Socialist Zionism is the underpinning of the modern State of Israel. Also known as Labor Zionism, the movement governed the development of the fledgling State of Israel through its first 25 years.

See http://www.mideastweb.org/labor_zionism.htm

The World Zionist Organization speaks glowingly of Socialist Zionism:

Socialist Zionism rose out of a criticism of both existing Zionism and Jewish Socialism in the Early Zionist era.

Socialist Zionism is not simply a mechanical combination of two words: Zionism and Socialism. Nor is it a compromise between two conflicting principles. Anyone who believes that this is so has never grasped its ideology and spirit, nor its intrinsic integrity. Socialist Zionism made its appearance after Jewish Socialism was established. In other words there were not only socialists from among the Jewish people delegated to convert the masses to Socialism but there was also the Bund, the trade union of Jewish workers organised as a Jewish body from amongst the Jewish people. But the Bund learned its socialism from �the great teachers" and presented it wholemeal to the Jewish worker, without making use of its own intellectual force to analyse how this new kind of world (for reasons of brevity called: the social revolution) would actually operate within the sphere of Jewish life, nor did it have the power to evaluate the particular fate of the Jewish worker linked to the fate of his own people.

Socialist Zionism rose out of a criticism of both existing Zionism and Jewish Socialism. This movement arose because of the realization of a deep contradiction between the Jewish world and the theories of the leading movements: General Zionism (i.e. the Bourgeoisie) and general Socialism in its Jewish aspect (i.e. the Bund). Syrkin saw that General Zionism distinguished for its overblown grandiose style was smugly satisfied with a miserly philanthropy, actually supporting the forces of reaction, incapable of large scale settlement, and not even daring to take it into consideration. It was creating a deep chasm-between the Zionist idea, the idea of deliverance from the Exile and coping with the vital needs of the Jewish masses. Syrkin saw the Bund as some kind of organization for stuffing the Jewish worker with Marxist phrases, lacking a solid basic program for creating an independent culture that could lead to national liberation. It lacked an understanding of the fact that there was no true redemption for the Jewish worker if his people were not delivered from their Exile.

Socialist Zionism began as one of the revolutionary movements of that time. It cracked the whip of its criticism not only over the bourgeoisie and capitalist world, it revolted not only against the autocratic rule of the Tsar, the secret police and agent-provocateurs, it also struck against the accepted dogmas of the socialist world. It dared to think independently and weigh up its own responsibility - a most difficult undertaking. At a time when most of the socialist intellectuals among the Jewish people were satisfied with ready-made ideas, lapped up the Erfurt Programme of the German Social Democratic Party in 1891 and the illegal literature of the Russian Social Democrats, nor dared to question the doctrines of their teachers which they considered sacrosanct - Socialist Zionism probed the validity of the most hallowed doctrines.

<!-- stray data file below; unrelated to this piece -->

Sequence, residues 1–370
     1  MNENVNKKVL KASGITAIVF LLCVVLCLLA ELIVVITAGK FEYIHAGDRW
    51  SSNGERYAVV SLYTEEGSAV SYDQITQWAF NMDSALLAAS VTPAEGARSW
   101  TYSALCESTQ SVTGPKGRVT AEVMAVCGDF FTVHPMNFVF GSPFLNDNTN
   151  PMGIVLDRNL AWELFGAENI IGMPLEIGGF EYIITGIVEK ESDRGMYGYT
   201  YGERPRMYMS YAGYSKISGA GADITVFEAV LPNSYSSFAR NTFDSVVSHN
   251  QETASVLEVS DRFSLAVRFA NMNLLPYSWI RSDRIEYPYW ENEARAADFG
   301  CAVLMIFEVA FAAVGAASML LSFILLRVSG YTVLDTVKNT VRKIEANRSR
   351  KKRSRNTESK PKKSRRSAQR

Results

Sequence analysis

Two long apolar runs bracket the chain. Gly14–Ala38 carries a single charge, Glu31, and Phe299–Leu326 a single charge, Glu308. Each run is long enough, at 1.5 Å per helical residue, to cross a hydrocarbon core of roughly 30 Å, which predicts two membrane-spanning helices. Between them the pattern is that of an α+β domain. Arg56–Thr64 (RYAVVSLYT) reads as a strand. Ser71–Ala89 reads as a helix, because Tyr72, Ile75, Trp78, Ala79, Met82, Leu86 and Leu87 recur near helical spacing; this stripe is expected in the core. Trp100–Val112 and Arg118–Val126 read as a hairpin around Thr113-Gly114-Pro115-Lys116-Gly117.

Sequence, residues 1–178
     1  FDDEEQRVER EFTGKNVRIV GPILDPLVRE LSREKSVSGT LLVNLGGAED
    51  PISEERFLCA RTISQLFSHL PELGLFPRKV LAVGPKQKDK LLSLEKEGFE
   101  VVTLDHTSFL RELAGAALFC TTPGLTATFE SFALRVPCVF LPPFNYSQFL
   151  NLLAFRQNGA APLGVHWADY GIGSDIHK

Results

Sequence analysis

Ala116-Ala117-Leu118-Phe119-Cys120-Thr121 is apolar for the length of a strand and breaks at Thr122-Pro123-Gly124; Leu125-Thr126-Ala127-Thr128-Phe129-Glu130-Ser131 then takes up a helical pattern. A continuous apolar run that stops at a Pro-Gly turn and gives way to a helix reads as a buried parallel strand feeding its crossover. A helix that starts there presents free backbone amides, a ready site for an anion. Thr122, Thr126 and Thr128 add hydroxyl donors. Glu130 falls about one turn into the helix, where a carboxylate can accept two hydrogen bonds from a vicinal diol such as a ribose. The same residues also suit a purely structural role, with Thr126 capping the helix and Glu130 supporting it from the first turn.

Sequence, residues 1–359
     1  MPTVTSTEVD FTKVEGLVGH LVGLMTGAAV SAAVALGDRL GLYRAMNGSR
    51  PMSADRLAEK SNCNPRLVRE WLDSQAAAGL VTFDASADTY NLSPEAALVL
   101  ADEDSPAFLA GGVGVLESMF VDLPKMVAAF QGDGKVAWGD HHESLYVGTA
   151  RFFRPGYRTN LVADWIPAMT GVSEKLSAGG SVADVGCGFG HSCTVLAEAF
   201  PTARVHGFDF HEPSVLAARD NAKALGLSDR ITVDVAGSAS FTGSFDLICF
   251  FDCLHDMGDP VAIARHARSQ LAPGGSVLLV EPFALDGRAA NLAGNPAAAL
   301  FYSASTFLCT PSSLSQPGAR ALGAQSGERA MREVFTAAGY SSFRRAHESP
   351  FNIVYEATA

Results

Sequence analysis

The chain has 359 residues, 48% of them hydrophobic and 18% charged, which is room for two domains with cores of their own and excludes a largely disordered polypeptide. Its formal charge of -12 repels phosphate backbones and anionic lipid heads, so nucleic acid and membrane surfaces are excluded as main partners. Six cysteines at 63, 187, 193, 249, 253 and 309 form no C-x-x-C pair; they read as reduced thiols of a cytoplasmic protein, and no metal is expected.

Socialist Zionism, just as a scientist baulked by a tiny detail contradicting the whole accepted formula is impelled to re-examine the whole formula, is also impelled to scrutinize these wide generalizations in the light of the "tiny detail" - the harrowing Jewish problem - which was not considered nor resolved within the universal formula. The first generation of Socialist Zionists felt the suffering of the Jewish people. They realized that stock phrases were no complete answer to the question, and the universal panacea no remedy for the unique Jewish malady. From the outset they understood that the main problem was providing work for the Jewish masses, and with piercing insight maintained that the downfall of Russian Tsarism and the granting of "equal rights" and the abolition of the Pale of Settlement, the common aspiration of both the Jewish bourgeoisie and the socialists - would not save the people from their eternal wanderings nor the life of the 'luftmensch'. If there was no future for the Jewish worker in the Exile, there was no future for Socialism-in-Exile. Socialist Zionism sharply and furiously mocked at the paucity of spirit and the shallowness of Jewish Socialism, its cowardly thinking, the open enslavement within the revolution and the brash confidence of the ignorant mingling in Jewish life, as Syrkin described the Bund; or the theoretical "alrightist� type of the Jewish Labour Movement in America, and in its perpetual inner criticism, Socialist Zionism enlarged the scope of its analyses beyond the boundaries of the Jewish world.